From One Living Planet
Why is this Important?
Water is a necessary component for all lifeforms. Humans can only survive without this precious resource for three days, yet humanity is using it up as if it is in plentiful abundance. The fact of the matter is, the Earth’s freshwater supply is decreasing significantly from excess use, and poor practices.
Washington and Oregon experienced the consequences of lack of water last year during the 2015 drought. The Washington Department of Agriculture anticipated $1.2 billion in crop losses that year, a practice that requires a ton of water. It is not until situations like this occur, do we recognize how valuable water is to our existence.
So what can we do about it in Cascadia? We are blessed with a bioregion that currently has an abundance of natural water sources, but we need to respect nature and its limits to maintain this precious resource.
What are they doing in Portland?
The Regional Water Providers Consortium of Portland Oregon has outlined 7 steps for creating water efficient agriculture.
- Planning and Design: This step involves recognizing the specific microclimates within your property, and planting accordingly to use water most efficiently within your property
- Compost and Cultivate: Understanding the type of soil you are using will allow you to make better plant and agricultural choices that allow you to use water most efficiently.
- Create Functional Turf Area: Consider turf alternatives other than grass in areas of your land that it is not needed. Grass requires a lot of water to upkeep.
- The Right Plant in the Right Place: Know what plants will thrive best in which microclimate of your land to use water most efficiently for maintenance.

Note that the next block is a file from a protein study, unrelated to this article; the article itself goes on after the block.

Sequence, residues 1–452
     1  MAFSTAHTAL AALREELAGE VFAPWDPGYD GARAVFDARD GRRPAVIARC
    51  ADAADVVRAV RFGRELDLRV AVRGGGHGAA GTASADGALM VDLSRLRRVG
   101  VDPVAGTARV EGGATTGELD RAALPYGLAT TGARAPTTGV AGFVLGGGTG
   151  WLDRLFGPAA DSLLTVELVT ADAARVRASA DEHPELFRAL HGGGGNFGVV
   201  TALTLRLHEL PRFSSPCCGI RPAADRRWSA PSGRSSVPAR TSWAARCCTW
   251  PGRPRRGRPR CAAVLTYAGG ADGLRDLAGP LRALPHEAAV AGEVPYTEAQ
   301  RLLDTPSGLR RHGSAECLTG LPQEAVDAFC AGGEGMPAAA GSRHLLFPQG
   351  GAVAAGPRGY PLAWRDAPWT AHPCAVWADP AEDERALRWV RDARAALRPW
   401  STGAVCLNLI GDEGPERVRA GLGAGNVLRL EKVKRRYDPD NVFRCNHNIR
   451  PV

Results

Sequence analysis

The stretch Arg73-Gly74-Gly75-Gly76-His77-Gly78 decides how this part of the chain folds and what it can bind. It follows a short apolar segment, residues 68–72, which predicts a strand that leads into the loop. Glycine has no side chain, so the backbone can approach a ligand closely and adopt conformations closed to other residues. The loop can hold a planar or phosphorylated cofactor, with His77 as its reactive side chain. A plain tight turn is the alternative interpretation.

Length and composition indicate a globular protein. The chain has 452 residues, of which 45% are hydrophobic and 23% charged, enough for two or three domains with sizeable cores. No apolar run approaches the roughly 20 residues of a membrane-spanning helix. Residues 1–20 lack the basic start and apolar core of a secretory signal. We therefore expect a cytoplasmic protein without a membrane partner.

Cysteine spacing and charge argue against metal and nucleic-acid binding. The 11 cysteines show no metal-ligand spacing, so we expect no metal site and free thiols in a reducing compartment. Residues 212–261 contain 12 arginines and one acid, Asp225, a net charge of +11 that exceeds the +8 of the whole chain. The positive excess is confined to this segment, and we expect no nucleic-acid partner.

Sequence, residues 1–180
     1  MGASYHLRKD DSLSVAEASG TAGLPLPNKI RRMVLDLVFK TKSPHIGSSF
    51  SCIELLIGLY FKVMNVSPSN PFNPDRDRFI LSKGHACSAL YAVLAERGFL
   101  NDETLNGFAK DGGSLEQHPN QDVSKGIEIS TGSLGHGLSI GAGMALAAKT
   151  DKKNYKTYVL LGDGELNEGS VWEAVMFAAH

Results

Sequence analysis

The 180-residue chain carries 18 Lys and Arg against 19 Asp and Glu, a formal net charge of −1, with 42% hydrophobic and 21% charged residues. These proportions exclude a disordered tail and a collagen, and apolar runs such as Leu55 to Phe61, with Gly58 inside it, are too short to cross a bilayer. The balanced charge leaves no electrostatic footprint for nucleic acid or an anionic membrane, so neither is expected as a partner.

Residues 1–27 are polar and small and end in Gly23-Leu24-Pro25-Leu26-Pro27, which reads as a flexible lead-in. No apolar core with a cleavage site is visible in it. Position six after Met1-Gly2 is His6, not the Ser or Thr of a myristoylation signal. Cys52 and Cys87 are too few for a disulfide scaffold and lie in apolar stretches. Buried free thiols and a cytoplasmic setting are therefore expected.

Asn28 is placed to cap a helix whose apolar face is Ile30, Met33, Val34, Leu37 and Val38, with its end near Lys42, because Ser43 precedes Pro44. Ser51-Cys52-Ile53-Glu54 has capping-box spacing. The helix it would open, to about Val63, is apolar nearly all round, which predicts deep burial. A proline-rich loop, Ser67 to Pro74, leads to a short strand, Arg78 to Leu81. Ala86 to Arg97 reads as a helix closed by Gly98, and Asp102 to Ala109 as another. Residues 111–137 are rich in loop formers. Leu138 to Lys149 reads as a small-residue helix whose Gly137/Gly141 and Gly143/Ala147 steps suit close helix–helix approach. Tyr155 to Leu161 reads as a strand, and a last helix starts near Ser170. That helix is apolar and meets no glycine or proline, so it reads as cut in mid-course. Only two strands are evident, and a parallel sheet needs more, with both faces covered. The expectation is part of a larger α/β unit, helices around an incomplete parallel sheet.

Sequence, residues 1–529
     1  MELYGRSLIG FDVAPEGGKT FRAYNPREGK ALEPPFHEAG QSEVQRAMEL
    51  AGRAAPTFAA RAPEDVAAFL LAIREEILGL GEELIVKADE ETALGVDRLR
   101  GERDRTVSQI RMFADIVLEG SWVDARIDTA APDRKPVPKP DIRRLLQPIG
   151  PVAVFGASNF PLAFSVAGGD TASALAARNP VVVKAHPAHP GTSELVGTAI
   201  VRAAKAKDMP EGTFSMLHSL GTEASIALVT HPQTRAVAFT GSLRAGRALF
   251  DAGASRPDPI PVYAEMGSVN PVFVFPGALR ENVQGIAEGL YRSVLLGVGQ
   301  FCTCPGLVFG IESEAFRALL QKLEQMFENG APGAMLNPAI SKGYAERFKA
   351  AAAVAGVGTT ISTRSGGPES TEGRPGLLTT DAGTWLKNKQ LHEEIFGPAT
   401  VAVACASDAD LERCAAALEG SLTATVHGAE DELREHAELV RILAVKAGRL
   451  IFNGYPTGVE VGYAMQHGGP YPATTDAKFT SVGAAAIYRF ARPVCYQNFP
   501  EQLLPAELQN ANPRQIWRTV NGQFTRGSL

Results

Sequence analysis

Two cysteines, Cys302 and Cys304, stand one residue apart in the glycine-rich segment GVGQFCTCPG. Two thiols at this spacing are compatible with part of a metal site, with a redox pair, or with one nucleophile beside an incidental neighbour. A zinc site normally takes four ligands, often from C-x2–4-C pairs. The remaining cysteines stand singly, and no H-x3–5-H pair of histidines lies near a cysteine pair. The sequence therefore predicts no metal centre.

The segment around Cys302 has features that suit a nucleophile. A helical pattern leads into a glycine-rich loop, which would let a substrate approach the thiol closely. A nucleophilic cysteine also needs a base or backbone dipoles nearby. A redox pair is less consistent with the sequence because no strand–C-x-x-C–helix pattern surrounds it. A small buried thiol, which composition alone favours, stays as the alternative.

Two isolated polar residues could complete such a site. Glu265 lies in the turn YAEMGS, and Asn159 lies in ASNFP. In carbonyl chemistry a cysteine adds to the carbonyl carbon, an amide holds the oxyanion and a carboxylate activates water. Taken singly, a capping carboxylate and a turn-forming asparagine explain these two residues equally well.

- Water Wisely: The easiest way to waste water is to do it too often. Adjust your watering schedule according to the climate, and water your turf and garden areas separately.
- The Use of Mulches: Using a quality organic mulch allows your soil to hold water more efficiently, so that you do not have to water as often.
- Keep Up the Maintenance: Weeds compete for water, so be sure to keep up on your garden maintenance to ensure you are not wasting water on unnecessary things.
For other ways to practice sustainable water use at home visit "Water Conservation: It All Starts With You" from the Department of Ecology.
Stay tuned for the sixth principle of bioregional living, Local and Sustainable Food by Mariah Edwards-Heflin.
Mariah is studying Communications at Seattle University. Her passion is helping others understand how to live a healthy and sustainable lifestyle. She also competes in bodybuilding and powerlifting. She also enjoys reading and meditation on rainy days, and hiking and gardening when the weather permits. Mariah looks forward to learning more about Cascadia and teaching others along the way.